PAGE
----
Garbage is the number one attractant for bears in the Mission area.

Bear conflicts continue in Mission

Despite efforts to educate the public about food attractants, statistics show that bears are still coming into conflict with humans.

Conflicts between bears and humans continue to be an issue in residential and commercial areas of Mission.

As a result, WildSafeBC is asking council to create a new waste management bylaw that will contain clauses to fine people who place their garbage outside too early.

Garbage is a huge attractant for bears and despite an educational campaign launched in 2010 by WildSafeBC (known then as Bear Aware) there has been little change in the public’s attractant management habits.

“Garbage is the number one attractant in Mission,” said Rebecca McMurray.

A WildSafeBC community coordinator, McMurray told council last week that bears become dangerous when they are “food conditioned,” meaning the majority of the bear’s food is coming from something other than natural food sources.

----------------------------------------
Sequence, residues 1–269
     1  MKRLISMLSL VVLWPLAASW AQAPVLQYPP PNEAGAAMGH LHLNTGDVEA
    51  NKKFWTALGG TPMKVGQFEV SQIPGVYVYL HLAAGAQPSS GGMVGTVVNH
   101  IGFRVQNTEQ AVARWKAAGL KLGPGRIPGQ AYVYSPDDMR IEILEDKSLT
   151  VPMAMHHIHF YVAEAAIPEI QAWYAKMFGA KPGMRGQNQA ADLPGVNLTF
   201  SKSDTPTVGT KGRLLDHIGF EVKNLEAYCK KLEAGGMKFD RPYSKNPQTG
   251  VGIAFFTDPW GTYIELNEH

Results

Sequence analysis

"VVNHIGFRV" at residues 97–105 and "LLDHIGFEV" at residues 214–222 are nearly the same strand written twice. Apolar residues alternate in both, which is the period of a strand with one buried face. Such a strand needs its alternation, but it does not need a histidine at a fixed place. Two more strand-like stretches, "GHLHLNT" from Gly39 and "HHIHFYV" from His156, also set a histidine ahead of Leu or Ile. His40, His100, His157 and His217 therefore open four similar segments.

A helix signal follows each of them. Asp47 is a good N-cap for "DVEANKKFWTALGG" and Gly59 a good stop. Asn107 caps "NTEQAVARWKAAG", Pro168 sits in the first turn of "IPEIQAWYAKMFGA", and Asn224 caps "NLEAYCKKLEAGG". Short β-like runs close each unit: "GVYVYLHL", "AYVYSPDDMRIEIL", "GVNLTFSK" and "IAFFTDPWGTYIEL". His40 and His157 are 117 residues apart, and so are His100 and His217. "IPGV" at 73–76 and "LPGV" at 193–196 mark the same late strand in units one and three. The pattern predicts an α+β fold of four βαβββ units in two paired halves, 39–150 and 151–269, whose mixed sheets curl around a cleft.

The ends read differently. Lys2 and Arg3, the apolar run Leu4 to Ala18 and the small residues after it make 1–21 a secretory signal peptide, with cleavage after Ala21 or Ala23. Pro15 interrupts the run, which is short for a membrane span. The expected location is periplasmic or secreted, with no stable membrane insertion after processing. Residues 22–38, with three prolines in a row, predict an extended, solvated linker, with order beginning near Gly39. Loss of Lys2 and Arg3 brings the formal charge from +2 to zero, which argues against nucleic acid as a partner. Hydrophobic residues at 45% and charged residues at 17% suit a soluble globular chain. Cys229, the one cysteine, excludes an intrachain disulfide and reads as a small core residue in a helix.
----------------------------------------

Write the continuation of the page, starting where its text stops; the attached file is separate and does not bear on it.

“Once they become food conditioned they often become human habituated, which means they’ve lost their natural fear of people. That’s when they become a safety issue,” she said.

Despite efforts to educate the public about food attractants, statistics show that bears are still coming into conflict with humans.

Seven bears were destroyed in Mission in 2011 and four were killed in 2012. While no bears were reported shot in 2013, the number rose to six bears killed in 2014.

So far in 2015, four bears have been put down in Mission.

“Garbage needs to be stored inside and placed on the curb the morning of garbage day, not the night before.”

She wants a bylaw that would fine residents who place garbage outside before the morning of pick-up, hoping it would motivate people to comply.

If trash has to be placed outside, she suggested a bear-proof container could be used.

Mission Mayor Randy Hawes said council is willing to look at a proposed bylaw. However, he had some other concerns.

“We have those rot pots (for compostable waste), which, of course, the bears would target, and they aren’t bear-proof.”

The bins were handed out by the district in June of 2011 in an attempt to divert garbage from the landfill and promote composting.